Credit Matters Blog

Characterising your customers into different groupings

Kim Radok 14 February 2019

It makes sense to characterise your customers by purchasing power, sales group, type of business, or product and services purchased. The process of characterisation is particularly useful, if it has not been done previously, or you are taking over another business.

On the other hand, characterising your customers can be detrimental to your business when the characterisation is deemed absolute and customers are treated by a perception of their dollar purchasing power, rather than the value to the business. The problem you then have is threefold.

The first problem is the natural reaction that most sales people have when they believe larger dollar purchasing customers must lead to greater sales and profits. On the other hand, the smaller dollar customer is perceived to create more work for fewer sales and profits.

Second, with the first prejudice in place, management often fails to adequately measure the profit dollar per sale earned for each customer. Therefore, they do not attempt to measure the current, or any potential future value of the customer. As a result, insufficient resources are directed to improving the sales and profits from the smaller dollar customers.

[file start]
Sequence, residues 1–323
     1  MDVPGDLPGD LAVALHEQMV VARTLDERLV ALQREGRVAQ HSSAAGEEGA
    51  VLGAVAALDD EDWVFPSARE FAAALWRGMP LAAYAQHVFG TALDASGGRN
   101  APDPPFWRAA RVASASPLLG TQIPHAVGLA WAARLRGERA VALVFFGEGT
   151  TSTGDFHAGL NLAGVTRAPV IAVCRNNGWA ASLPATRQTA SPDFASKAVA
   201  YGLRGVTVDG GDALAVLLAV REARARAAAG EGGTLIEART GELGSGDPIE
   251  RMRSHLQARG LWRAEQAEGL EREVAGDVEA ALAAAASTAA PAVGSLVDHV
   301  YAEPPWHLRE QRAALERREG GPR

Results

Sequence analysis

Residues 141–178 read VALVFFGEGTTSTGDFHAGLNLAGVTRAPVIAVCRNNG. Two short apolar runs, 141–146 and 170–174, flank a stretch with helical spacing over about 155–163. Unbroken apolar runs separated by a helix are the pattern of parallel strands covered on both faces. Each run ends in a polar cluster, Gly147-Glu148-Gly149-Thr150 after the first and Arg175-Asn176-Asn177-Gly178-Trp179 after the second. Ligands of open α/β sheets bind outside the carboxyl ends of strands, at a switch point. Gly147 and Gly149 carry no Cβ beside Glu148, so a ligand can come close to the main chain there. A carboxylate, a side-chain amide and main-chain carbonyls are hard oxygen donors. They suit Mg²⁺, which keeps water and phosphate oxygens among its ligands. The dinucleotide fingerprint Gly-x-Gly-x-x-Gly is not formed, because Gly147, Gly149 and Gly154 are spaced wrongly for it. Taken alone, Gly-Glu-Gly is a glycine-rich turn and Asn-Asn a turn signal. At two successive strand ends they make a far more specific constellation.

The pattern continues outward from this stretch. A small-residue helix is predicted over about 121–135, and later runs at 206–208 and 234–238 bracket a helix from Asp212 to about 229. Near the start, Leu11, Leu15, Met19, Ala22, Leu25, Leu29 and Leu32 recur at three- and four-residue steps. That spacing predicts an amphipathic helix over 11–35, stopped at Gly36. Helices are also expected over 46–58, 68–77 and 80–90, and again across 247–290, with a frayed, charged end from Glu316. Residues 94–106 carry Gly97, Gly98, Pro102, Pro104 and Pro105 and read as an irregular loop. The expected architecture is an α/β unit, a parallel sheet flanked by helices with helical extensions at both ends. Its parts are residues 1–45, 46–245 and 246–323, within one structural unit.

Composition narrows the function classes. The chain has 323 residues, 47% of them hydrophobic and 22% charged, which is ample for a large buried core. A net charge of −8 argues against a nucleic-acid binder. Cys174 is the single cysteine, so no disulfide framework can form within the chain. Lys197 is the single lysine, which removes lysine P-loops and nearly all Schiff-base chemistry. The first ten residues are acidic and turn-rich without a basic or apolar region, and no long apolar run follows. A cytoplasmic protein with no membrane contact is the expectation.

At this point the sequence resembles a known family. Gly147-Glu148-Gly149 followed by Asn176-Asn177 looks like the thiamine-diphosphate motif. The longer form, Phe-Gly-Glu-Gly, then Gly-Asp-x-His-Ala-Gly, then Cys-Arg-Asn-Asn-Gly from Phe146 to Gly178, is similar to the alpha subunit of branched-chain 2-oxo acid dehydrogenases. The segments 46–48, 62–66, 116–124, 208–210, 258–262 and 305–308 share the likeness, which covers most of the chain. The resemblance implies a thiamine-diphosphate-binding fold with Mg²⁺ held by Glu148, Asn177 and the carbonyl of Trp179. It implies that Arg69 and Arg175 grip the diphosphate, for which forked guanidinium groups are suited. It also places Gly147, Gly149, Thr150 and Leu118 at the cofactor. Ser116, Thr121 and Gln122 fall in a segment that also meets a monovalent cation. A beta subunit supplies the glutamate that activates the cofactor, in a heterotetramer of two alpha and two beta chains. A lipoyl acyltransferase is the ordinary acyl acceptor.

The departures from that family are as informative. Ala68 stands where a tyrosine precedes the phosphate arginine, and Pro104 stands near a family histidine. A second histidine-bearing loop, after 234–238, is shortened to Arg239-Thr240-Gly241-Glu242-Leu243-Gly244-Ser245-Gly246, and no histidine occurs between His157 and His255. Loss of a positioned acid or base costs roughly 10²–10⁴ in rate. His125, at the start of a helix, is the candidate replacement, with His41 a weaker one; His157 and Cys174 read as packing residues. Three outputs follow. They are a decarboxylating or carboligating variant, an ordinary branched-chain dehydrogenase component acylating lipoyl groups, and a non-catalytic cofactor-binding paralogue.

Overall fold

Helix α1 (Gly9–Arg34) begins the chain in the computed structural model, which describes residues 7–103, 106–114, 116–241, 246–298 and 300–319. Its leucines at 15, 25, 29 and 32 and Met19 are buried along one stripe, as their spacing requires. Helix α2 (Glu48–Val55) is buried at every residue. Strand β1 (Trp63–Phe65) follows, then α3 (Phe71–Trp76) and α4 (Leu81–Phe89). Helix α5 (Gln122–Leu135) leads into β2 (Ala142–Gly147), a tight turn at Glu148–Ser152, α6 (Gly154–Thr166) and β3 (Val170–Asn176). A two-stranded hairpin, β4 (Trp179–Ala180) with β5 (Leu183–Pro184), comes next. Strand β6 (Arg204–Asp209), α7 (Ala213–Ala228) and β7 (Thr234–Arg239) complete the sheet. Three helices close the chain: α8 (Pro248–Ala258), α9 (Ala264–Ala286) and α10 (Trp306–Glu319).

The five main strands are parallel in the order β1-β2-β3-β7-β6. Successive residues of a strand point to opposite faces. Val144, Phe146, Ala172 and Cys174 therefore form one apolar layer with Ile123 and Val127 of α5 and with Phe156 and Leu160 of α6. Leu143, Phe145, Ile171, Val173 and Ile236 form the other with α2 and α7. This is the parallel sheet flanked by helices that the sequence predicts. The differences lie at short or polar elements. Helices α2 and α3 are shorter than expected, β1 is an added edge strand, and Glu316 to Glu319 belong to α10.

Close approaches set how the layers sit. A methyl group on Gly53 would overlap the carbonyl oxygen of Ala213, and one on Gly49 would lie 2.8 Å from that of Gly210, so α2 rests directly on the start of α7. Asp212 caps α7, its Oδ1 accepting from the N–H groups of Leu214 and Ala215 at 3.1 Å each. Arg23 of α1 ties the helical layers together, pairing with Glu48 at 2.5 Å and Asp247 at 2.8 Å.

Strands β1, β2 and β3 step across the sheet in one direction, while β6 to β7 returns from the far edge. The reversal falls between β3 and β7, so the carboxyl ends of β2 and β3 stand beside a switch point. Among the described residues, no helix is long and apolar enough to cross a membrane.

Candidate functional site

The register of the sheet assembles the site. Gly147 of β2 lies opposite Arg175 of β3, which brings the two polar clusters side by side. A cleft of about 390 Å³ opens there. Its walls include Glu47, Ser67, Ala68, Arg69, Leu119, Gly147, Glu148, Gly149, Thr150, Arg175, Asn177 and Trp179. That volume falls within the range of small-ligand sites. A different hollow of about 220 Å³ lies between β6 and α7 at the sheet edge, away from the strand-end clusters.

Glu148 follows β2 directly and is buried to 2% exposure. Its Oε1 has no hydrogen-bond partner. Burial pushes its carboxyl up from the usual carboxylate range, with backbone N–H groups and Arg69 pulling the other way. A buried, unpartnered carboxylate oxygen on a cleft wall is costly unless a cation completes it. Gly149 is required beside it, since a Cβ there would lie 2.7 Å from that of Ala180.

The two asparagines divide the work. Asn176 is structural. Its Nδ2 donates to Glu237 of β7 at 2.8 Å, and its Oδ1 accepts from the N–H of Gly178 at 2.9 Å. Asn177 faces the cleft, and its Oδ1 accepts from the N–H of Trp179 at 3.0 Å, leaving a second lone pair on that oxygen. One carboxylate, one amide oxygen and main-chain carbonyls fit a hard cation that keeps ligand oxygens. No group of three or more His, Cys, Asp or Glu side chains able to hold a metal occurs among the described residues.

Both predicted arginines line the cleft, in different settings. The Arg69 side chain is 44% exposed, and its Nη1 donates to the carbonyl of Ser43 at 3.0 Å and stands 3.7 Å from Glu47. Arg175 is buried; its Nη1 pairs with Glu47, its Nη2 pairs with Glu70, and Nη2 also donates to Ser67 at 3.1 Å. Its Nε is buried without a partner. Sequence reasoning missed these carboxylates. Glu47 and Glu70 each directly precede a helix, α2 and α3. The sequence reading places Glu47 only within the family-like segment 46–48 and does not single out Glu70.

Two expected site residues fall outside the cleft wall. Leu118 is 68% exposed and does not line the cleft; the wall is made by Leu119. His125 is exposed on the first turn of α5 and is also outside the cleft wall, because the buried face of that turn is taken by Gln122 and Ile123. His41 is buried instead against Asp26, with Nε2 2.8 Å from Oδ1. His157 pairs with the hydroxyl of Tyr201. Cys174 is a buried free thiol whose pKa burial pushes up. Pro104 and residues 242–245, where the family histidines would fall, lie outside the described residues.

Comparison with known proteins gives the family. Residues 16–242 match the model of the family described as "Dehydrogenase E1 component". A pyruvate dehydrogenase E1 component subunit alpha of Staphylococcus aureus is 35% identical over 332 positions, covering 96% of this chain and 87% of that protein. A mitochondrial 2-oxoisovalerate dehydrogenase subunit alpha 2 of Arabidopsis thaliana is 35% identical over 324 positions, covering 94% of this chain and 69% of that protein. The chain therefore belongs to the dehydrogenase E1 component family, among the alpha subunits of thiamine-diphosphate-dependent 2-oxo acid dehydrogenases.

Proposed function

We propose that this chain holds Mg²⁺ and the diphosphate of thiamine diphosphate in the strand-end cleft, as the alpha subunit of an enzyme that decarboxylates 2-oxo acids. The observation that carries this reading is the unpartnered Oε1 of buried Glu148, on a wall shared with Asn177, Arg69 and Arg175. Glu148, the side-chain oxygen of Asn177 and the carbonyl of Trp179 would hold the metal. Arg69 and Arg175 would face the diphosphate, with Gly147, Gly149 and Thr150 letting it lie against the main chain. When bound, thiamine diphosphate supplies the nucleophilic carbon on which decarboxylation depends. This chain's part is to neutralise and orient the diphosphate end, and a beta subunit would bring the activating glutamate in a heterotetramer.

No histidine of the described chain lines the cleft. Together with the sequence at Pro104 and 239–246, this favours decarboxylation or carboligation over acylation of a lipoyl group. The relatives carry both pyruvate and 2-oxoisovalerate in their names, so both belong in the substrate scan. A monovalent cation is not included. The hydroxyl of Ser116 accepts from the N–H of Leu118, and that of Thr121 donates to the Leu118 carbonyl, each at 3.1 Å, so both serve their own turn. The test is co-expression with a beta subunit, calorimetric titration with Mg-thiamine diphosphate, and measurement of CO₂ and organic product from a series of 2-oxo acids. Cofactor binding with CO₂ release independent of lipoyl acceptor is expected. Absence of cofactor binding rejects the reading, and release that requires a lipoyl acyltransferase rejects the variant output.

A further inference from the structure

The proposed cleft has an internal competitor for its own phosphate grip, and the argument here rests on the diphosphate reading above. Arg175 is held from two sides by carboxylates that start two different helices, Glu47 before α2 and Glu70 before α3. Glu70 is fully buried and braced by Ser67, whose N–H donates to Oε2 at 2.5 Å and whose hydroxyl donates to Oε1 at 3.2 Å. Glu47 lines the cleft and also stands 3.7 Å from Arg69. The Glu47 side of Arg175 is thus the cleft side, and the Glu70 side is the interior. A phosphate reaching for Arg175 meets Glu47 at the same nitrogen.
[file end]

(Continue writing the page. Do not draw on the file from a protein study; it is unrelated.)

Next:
Thirdly, management looking for greater returns for dollars spent, keep reducing resources available for sales and credit/accounts receivable. In turn, this lack of resources generally leads to a loss of total sales, whilst efforts are focused on larger dollar purchasing customers and services are reduced to the smaller dollar customers.

Two quick examples from my experiences show how prejudice negatively affected a business.

One very large customer by sales value, made a million dollars in sales in one month for a net profit of $100 dollars. We made nothing because shortly thereafter, they became insolvent.

Sales to another long-established customer with a smaller spend, had dropped 50% on a monthly basis. When questioned about why their sales had decreased so much, they explained it was due to a lack of focus by our management and sales people. This customer always paid promptly every month.

Experience shows when customers are characterised and managed properly, costs can decrease, and potentially, sales and profits increase. On the other hand, if the characterising leads to prejudice and under servicing, sales and profits which may otherwise have been earned are lost.